When asked what proportion of the menswear floor is now concession and what is own buy Pitcher is adamant this is not a key issue for the business.
She says: “We have succeeded if the customer does not see how we operate but they simply see the best offer. We do not start from a premise of ‘we want this much concession and this much own buy’ – what we focus on is the customer experience.
“One of the things we have learned from the Wonder Room is that there’s a male shopper who wants an aspect of privacy when he shops, so we’ll be looking to provide areas like that for the formalwear brands. What we haven’t identified at the moment is any need for a men’s personal shopping service.”
The womenswear designer floor that was finished last year was, she says, also focused on the customer experience. “It’s a freer shopping experience as you move from brand to brand. We wanted to offer something different from other stores and introduce a fresher spirit.”
However, Pitcher is not against the shop-in-shop model for womenswear. “It is still appropriate to present certain brands in their own concept stores, she says. “If you take the Superbrands area, it opened eight years ago, and it may look fixed but actually it changes all the time, and it performs extremely well. Last autumn we opened Balenciaga, this spring we opened the vintage store and Roberto Cavalli while refurbishing Stella McCartney, and this autumn we will introduce Halston.”
She adds that what Superbrands also does for the floor is provide a welcome change of pace. “When you are presenting womenswear over 100,000sq ft you need to be able to slow the customer down or speed them up and provide landmarks for them,” she says.
Superbrands may be a fixture for some time to come then, but Pitcher is also a big fan of the pop-up shop. Some of the most recent have been the Target and Temperley London four-day run during London Fashion Week last season, and Mango’s collaboration collection with Osman Yousefzada, which took pride of place in all four stores.
Pitcher says: “We love the pop-up store at Selfridges. They fulfil that need to continually excite and surprise our customers. People forget that Selfridges is still a very local store for many Londoners, and we want our regular customers to feel they are always going to find something new each time they pop in. The collaborations that we’ve been doing with artists at Christmas also lend that element of surprise.
“It does take up a lot of time and energy but it is worth it as it gives us that point of difference. Selfridges as a group of stores have their differences but the common theme is that they all attract a very fashion-hungry customer. They want newness and they appreciate a faster-paced shopping experience.”
Spot the difference
Having filled the top buying spot at all three of London’s premier department stores: Harvey Nichols, Harrods and now Selfridges, Pitcher is probably the best-placed person to define the differences between them. Selfridges, she says, has the widest spread of customers and clients, which makes it the most challenging but also the most exciting. The Birmingham store also excites her because she sees its youth as a real opportunity for growth.
The store in Birmingham’s Bullring has 190,000sq ft of retail space, making it bigger than either of the two Manchester stores – the Exchange Centre store has 119,000sq ft of retail space, while the Trafford Centre store has 143,000sq ft.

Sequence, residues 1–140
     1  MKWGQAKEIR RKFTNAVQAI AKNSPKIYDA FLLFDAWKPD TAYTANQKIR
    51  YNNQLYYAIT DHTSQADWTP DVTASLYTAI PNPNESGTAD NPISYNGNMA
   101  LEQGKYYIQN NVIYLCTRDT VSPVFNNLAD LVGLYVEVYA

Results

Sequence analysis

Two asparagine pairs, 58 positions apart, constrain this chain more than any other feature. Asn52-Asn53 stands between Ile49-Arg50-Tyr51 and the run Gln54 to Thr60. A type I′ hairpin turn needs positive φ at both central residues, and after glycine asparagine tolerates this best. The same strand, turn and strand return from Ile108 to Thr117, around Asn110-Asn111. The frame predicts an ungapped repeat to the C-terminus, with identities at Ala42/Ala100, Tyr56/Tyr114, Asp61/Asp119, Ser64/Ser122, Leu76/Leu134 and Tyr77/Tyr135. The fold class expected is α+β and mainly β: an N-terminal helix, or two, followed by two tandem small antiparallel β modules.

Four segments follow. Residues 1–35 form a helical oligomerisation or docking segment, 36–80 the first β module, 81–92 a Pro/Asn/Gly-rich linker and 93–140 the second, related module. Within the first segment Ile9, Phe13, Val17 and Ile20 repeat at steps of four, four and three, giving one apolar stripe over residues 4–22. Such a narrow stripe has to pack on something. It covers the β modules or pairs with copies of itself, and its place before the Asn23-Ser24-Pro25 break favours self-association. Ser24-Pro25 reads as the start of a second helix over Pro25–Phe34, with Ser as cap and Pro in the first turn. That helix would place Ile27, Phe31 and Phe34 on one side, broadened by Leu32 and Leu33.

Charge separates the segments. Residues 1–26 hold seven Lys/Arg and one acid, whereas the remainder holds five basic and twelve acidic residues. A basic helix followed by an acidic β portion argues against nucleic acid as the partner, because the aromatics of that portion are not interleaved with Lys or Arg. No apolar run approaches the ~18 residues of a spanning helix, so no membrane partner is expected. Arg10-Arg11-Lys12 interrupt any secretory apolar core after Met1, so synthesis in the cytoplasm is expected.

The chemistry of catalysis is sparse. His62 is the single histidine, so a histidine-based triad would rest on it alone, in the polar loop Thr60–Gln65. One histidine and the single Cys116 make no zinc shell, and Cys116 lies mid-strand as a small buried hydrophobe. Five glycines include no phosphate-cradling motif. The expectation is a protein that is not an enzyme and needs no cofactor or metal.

“There is a customer in Birmingham that we are growing up with – we have become part of their lives and that presents us with a great foundation to build on in the future.”
At the moment, Pitcher is concentrating on laying foundations for the future in terms of brand partnerships. She says: “When times get tougher it’s essential that you’re clear as a retailer about who you are and what you do. We have fewer brands and fewer products than when I arrived three and a half years ago, but the result is that you can see who we are much more clearly.”
Distribution seems to be a clear point of difference for Pitcher, particularly when it comes to the Oxford Street store. It is now facing challenging talk from the likes of House of Fraser, which has vowed to set out its stall between John Lewis and Selfridges in terms of price positioning.
Pitcher uses the contemporary womens-wear or bridge market as an example of her thoughts on this matter. She says: “Bridge is an area I am watching with interest. We could expect to see some of the spend at this level disappearing because of the economy. We’ll be watching it closely because the distribution of brands in department stores is becoming a real issue in this marketplace.
“Brands that allow their products to be discounted every other month in other department stores are not going to be brands that are successful in this store,” she warns.
“We like to work with brands and support them and have them support us. But brands that work with every other store on Oxford Street largely can’t be brands that can be successful in our store, and this is where I think distribution is going to become a real point of debate. In my experience it is the brands that are carefully distributed that are the most successful.”
Do Pitcher’s words point to some tough conversations with brands over the coming months? She smiles and shrugs her shoulders. “Listen, tough conversations are one of the things this business is all about,” she says.